Eugenio Espinoza building the work Impenetrable in 1972, an obvious reference to Soto┐s Penetrable was not a direct opposite; it was a canvas without a chassis, on which a grid with vertical and horizontal lines in black and white had been printed. The canvas was then placed in different locations, from museum galleries to different architectural works (often historical monuments) or landscapes, so it could adapt to specific spaces in an experience impossible to reproduce anywhere else without being considerably modified, particularly in terms of its range of possible meanings.
Ariel Jimenez - November 16, 2001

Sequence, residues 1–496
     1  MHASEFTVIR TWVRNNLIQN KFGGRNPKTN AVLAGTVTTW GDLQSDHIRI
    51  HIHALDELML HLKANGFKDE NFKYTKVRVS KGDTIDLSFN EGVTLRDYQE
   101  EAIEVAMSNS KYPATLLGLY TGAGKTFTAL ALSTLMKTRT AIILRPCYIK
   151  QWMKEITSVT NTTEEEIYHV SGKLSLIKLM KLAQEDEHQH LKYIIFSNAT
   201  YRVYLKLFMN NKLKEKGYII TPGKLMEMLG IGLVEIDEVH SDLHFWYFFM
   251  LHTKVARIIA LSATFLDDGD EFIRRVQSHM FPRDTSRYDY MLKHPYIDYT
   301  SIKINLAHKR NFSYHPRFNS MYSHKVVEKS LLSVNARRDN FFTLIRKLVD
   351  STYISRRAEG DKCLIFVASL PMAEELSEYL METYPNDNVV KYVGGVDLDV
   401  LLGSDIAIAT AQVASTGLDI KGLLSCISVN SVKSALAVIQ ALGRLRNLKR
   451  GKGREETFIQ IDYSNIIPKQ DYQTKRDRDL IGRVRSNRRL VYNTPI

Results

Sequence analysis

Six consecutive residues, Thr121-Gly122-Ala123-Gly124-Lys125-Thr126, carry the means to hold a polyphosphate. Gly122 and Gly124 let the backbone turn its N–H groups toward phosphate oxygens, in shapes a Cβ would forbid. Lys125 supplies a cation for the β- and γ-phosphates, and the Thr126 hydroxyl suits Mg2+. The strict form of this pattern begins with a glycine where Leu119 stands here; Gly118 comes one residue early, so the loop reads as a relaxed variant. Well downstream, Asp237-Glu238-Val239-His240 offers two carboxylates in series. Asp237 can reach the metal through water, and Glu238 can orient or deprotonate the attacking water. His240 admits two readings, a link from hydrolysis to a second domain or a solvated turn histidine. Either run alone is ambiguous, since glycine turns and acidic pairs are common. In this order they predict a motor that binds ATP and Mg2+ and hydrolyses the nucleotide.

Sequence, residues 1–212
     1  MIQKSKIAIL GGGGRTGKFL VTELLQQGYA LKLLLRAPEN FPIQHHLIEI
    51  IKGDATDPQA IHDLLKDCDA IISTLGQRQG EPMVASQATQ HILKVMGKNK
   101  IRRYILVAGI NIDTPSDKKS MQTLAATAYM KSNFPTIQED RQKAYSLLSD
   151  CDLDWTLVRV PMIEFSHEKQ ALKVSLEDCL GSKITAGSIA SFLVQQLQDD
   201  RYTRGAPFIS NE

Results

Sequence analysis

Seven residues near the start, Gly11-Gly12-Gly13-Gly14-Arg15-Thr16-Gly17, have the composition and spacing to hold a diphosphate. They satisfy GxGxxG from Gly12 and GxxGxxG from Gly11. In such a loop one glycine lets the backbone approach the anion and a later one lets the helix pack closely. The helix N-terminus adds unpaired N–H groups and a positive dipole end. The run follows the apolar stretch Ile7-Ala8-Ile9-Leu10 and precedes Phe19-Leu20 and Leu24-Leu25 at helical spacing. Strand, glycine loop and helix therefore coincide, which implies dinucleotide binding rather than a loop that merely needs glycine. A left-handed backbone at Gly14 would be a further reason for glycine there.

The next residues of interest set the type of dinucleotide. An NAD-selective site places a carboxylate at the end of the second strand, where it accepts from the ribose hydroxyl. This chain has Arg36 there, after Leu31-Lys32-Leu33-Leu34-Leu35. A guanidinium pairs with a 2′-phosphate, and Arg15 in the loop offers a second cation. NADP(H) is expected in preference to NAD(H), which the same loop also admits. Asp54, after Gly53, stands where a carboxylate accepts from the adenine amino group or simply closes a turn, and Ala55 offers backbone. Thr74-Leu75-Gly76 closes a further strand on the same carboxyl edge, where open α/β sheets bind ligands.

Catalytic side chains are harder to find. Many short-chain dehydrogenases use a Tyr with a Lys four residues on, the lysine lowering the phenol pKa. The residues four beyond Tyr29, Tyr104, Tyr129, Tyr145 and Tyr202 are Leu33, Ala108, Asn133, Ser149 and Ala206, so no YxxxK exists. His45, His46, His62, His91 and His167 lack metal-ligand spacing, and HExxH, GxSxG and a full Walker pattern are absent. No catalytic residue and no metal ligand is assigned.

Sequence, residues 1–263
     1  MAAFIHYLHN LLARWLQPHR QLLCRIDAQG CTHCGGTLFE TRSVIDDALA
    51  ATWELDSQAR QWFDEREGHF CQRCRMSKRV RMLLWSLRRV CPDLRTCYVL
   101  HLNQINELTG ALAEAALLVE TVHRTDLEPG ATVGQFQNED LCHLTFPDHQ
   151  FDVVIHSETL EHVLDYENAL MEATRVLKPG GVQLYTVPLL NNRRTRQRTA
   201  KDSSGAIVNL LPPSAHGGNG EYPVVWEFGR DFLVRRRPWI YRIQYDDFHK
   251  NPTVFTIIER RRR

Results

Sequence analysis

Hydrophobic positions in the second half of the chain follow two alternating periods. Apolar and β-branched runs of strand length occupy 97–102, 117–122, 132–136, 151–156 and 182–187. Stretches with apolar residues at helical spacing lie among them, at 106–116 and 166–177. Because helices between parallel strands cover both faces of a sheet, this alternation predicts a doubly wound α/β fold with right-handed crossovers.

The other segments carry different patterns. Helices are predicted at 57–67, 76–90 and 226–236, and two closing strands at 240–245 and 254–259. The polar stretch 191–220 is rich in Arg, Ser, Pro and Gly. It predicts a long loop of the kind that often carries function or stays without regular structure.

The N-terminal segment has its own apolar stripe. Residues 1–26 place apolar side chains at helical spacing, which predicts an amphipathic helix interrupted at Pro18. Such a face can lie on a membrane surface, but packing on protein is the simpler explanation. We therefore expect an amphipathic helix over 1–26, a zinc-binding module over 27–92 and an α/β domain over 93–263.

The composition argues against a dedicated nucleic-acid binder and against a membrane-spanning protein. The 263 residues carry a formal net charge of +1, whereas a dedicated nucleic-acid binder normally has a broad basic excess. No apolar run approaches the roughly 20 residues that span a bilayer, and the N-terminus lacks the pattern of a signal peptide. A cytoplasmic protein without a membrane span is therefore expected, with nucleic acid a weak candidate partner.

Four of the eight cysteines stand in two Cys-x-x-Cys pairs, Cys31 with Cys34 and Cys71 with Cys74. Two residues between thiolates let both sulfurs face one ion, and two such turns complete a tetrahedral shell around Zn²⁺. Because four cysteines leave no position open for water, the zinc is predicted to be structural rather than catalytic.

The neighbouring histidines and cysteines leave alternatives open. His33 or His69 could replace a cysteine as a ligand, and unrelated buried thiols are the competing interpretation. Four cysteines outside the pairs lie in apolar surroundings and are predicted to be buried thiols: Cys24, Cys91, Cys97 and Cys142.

╔they were impenetrable, modest canvas reticulated in black that were being inexorably deconstructed inexorably, multiplied, folded, rolled like unedited paper wall and that Perna, with a gesture of genius interpretation of Espinoza┐s work, took to the desert of Coro and threw it there, with that absolute background of untouched sand dunes, with that emblematic background of ┐a landscape of what is ours┐, the weightless air of all of us; they were elemental forms that spectators manipulated however they wished to in order to surprise themselves with unsurprising verifications; they were agonizing series of photographs in which the figure of Avila found his repetitive destiny, pierced by the time of death or the loss of an image; there were faceless corpses covered by webs of ropes that to the anticipatory image of the PARANGOLES of Oiticica invaded unexpectedly the common places of our daily city lives; they were grotesque traversed figures; they were body fragments that could only be seen as wretched; it was she dressed in toilet paper in the salons of the Museum and it was also Maria Leoneza covered by black grids in a dreamed and impossible postcard.